Paul Sutherland‘s New and Selected Poems
Valley Press (www.valleypressuk.com)
ISBN 9781908853776, 380pp, £20
Paul Sutherland has ten poetry collections from which to select and a life journey which started in Ontario, Canada in 1947 and continues in Lincolnshire in the current day; a journey that takes in conversion from a nominal Christianity to becoming a Sufi Muslim. The book is divided into sections that reflect this, so readers are given a narrative arc. The poems are not dated and the sections are not necessarily titles of previous collections so there’s no way of sifting out the new from the selected poems. The narrative starts in childhood, in ‘Muskoka Rescue’, a grandmother wakes, unable to find a reason, she steps out of the Canadian cabin,
‘she spotted a four year old shape wading into darkness.
Sprinted over the foreshore and plunged into shallows
erupting layers where pre-Columbian trees had fallen
and decomposed to make a silted floor. Grandma grabbed
that water-ringed shadow, shaking it awake, drew it back
to the shore. It seems that sleepwalking child was me.’
Perhaps it was natural that rescued child would become a writer, exploring both the natural world and individual place in history. The child, now adult, returns in ‘Returning to My Homeland’
‘At my grandparents’ burial spot
where few had come to separate funerals
with many secrets sprinkled into the earth
I kneel, brush and polish.
In encroaching grass their shone floral design
reflects nothing of their past wishing.’
It shows how little of someone remains in their headstones and how grandparents had become distant, not only in terms of geography, but time. A reflection echoed in the long sequence, ‘Month Home Some Time Ago’ which includes the observation ‘studded wedding/ and keeper rings don’t age/ with crumpled hands’ to describe aunts. The longer sequences often merge poetry with prose. An old friend is remembered,
‘Don Black teaches me to believe glass is never inert, never reaching the point of absolute compliance. Glass’s countless reflections, colourations, are closer to its molecular truth than the fact you can pick it up, a transparent object, trusting its form won’t melt away in your hands. Its fragility is an illusion against endless flow caught a second by the glass-blower. His artefacts used as functional pieces convey irony not lost on my best, long lasting friend from school hood days who wore black to celebrate or mourn, impossible to say which, and it still is.’
England is initially presented as a place of exclusions, ‘Finding a Blue Door in Oxford’ is a long sequence detailing a visit,
‘My visit has this analogy. I’d gaze through scrolls of a wrought-iron gate, watch an advantaged world idle, play serious, light-hearted games. In return, it might show a glimpse. Down a shadowed, arched portico I’d see two fellows confer, a quad observed, decorative with rose, wisteria or ivy, a pampered stretch of lawn leads to famous steps, a terrace revealed. Then, unexpectedly (certainly I’d be deceived) that élite domain vanishes and grimaces like a gargoyle with indifference, grins as mouldings of irony. It disappears behind landmarks and gate-closing-times. It doesn’t matter if I wear a gown, pay for photographs or access, obey rules. Once attracted it closes-up pretends it has never been open to explore. Expertise we learn in childhood games such as hide and seek would not help us gain entry.’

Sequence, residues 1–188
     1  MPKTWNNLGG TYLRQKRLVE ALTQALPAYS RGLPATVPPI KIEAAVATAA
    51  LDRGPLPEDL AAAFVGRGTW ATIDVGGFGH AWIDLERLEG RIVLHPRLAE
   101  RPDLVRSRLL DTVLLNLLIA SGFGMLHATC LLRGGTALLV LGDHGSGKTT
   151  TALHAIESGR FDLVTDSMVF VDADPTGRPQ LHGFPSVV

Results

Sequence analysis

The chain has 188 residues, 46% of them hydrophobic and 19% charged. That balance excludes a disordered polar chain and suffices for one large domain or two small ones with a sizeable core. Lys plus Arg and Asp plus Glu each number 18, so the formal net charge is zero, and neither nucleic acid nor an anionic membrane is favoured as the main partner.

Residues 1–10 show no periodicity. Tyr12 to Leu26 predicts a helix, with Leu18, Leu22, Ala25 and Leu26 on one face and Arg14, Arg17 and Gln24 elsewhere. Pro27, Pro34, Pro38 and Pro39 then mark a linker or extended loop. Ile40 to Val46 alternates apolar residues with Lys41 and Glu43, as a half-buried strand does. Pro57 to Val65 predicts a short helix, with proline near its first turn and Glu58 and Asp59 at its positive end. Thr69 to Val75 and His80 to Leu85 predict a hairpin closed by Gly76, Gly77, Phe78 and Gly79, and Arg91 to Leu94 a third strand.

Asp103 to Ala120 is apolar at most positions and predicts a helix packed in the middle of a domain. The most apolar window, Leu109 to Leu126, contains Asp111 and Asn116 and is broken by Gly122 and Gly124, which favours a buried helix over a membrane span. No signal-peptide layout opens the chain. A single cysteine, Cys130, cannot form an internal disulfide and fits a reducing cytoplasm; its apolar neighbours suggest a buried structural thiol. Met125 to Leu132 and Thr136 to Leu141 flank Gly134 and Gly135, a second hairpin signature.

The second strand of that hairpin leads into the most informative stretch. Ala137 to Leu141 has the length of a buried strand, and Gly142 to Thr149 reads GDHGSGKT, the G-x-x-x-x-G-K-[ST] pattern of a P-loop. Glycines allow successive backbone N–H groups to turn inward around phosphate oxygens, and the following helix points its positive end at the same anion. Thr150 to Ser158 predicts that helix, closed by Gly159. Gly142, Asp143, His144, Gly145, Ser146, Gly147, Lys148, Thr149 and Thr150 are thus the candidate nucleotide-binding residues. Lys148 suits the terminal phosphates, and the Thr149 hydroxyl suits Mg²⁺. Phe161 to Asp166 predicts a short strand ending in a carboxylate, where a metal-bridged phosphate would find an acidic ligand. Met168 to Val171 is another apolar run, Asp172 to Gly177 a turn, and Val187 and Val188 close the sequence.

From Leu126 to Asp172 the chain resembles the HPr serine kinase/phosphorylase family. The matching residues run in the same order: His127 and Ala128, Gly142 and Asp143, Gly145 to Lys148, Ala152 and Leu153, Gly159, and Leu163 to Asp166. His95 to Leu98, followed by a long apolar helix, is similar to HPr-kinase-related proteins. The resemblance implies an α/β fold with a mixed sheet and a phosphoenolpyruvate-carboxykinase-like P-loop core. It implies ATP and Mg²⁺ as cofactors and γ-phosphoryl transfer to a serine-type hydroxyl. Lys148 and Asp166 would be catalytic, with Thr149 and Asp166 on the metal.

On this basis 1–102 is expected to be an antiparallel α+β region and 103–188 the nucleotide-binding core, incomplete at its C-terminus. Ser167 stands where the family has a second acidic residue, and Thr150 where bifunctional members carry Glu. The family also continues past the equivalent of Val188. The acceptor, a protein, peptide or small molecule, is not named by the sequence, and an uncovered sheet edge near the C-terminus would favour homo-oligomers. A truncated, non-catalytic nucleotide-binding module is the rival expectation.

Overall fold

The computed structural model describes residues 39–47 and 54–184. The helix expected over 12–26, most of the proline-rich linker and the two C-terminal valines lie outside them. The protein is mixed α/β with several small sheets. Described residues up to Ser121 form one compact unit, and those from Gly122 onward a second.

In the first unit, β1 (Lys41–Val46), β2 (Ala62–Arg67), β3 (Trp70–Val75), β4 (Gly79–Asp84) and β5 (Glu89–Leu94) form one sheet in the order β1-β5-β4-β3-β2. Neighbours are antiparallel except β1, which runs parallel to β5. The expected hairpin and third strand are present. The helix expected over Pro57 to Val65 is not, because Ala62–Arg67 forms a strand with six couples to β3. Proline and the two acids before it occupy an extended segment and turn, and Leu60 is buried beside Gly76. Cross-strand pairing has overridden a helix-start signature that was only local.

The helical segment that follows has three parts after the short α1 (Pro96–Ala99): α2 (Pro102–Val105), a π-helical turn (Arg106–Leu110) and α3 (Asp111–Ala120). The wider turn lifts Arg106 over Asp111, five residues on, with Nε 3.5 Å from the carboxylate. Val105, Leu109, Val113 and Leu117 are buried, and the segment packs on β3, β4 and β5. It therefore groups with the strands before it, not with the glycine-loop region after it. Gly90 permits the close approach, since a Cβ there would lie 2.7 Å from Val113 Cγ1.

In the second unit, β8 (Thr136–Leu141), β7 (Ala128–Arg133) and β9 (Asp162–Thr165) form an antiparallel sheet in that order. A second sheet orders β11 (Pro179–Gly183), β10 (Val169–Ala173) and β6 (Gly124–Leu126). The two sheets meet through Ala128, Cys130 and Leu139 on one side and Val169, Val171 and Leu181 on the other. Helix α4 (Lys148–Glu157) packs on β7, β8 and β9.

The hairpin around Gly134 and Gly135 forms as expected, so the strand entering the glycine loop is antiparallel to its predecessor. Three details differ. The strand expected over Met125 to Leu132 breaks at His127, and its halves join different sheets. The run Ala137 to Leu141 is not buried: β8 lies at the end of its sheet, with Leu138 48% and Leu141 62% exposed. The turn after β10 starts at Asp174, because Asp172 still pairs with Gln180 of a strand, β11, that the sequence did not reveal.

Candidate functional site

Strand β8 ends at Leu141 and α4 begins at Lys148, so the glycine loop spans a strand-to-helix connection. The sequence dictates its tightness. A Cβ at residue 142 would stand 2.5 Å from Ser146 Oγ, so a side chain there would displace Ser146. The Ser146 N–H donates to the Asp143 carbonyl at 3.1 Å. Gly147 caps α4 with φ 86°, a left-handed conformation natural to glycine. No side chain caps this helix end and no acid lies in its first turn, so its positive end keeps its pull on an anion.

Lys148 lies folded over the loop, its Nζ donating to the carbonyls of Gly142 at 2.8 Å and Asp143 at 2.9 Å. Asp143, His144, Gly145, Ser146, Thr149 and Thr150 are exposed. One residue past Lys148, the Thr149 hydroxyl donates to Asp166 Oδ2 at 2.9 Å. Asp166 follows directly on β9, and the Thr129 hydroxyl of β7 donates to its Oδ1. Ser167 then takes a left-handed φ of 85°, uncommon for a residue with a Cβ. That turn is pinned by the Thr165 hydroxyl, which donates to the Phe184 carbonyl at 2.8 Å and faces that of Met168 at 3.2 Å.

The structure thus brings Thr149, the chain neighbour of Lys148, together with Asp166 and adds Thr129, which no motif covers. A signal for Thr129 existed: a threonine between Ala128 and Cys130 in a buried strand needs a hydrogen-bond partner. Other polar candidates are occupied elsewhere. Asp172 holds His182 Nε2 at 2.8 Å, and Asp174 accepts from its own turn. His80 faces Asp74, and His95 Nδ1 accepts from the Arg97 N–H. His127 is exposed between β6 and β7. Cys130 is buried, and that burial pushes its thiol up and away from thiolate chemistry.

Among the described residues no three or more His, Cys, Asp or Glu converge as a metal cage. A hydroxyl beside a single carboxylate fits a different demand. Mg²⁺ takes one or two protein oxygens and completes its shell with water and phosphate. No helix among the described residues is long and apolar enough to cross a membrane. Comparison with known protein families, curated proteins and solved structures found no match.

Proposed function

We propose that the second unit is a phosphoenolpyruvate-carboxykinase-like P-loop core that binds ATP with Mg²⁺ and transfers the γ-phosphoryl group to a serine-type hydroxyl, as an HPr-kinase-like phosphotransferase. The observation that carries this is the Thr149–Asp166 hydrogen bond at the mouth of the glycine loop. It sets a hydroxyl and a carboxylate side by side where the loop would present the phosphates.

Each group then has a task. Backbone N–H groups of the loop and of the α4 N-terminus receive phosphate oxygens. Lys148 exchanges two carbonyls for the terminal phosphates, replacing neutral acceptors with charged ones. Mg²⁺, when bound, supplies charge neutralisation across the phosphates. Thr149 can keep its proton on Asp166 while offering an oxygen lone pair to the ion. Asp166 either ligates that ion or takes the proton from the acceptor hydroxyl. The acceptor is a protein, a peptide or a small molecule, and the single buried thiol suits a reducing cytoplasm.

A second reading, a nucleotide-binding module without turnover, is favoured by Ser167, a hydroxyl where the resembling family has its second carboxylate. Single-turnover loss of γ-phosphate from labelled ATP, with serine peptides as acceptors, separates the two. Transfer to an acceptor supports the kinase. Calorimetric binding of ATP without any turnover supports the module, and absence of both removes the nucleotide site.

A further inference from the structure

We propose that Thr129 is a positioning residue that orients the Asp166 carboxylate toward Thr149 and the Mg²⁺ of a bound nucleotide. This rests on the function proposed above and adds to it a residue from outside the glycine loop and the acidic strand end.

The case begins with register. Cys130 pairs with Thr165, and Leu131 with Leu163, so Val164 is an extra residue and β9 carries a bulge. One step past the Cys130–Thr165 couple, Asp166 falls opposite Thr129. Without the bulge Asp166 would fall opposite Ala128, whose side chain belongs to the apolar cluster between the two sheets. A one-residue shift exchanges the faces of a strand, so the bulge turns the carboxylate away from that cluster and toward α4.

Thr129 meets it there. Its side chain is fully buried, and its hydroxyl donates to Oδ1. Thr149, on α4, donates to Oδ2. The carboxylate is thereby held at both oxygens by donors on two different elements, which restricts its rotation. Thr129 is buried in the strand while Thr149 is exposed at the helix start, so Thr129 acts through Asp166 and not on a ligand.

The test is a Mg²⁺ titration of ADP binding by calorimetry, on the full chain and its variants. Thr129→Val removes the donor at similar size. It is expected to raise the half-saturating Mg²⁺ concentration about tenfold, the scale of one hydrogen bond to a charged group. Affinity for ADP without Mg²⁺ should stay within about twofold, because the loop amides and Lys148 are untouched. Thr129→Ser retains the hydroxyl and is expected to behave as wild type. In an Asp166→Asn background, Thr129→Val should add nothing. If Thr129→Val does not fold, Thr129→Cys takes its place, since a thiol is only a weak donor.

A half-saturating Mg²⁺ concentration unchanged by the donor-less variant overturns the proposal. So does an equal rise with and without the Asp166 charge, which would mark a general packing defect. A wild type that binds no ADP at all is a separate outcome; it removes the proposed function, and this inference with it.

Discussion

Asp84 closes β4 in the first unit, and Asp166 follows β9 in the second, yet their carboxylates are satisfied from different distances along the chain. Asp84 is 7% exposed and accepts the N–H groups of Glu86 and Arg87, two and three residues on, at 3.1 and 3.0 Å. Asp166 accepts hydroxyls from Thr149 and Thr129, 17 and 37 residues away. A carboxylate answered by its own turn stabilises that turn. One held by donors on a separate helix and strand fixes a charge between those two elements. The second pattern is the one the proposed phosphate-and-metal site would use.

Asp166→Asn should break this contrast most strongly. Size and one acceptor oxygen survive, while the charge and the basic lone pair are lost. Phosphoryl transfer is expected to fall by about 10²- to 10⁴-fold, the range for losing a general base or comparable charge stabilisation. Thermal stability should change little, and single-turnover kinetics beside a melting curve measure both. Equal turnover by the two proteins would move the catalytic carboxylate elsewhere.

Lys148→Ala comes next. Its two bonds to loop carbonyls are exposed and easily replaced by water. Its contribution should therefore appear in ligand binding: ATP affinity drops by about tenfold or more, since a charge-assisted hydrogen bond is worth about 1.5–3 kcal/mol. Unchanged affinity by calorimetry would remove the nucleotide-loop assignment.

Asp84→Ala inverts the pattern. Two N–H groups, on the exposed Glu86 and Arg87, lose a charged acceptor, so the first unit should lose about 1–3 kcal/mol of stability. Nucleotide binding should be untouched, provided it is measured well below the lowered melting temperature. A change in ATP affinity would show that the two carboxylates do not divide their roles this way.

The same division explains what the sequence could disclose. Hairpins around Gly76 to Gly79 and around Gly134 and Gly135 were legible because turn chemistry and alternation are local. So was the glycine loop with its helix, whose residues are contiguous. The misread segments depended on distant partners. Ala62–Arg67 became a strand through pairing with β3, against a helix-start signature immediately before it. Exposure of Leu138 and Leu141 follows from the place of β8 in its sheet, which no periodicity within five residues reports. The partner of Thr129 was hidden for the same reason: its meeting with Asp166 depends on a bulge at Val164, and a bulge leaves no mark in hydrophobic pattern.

Then readers are taken on a tourist’s trip through York’s museums and landscapes and Scotland and its islands. In “Hugh MacDiarmid”, “Perhaps he forgot hatreds/ as snow turned to cherry/ blossoms in wall-guarded/ garden”. The section, ‘Ben Nicholson Miniatures’ is a walk through a gallery, the sequence “The Works of Art” is a brief, haiku-like muse on each,
‘Still Life (1945)
so vivid, colour perturbs
Through prominent lines
further connections imply
hidden time rehearsed.’
Whilst ekphrastic poems need to do more than describe the piece of art they are based on, I think it helps to know that Ben Nicholson used cubist images with abstract shapes in neutral shades with a dash of vibrant colour accent.
In the section ‘Lincolnshire, A New Millennium,’ ‘”Crossing the Bar”’ is about a framed copy of Tennyson’s poem passed from grandfather to grandson and ends,
‘I stare too long through the clear
sheet, past fancy script, into depths
trying to imagine you, to conjure
some moment we shared in trust
as a grandfather and grandson can.
And yet, your see-through glass
deceives, it merely reflects back me
and my preparation and crossing
from this world; not so far ahead.
You, no doubt, expected your gift
would have that purpose some hour
when passing it on like a heirloom.
It had helped you. It will help me.’
It sets the scene for the final two sections which contains poems written for and about a granddaughter, Farrah. ‘Intriguing Farrah’ is in a child’s voice,
‘Granddad, I didn’t find a witch
or hear a mouse squeak
or meet a dog to give a bone
but I saw a wheel in a silver gown
and eyebrows on a chimney.’
Children can find magic in the most ordinary of things. Whilst Farrah lacks vocabulary, her voice is clear and free of cutesy baby-talk. She is being recorded, not infantilised.
Paul Sutherland’s ‘New and Selected Poems’ successfully follow a narrative arc, which gives the whole collection an underlying structure. This might frustrate archivists looking to see the writer’s journey and development from early poems to later ones, but it creates a sense of flow and seamlessness to a body of work at its strongest when revealing focused observations and details within extended family relationships.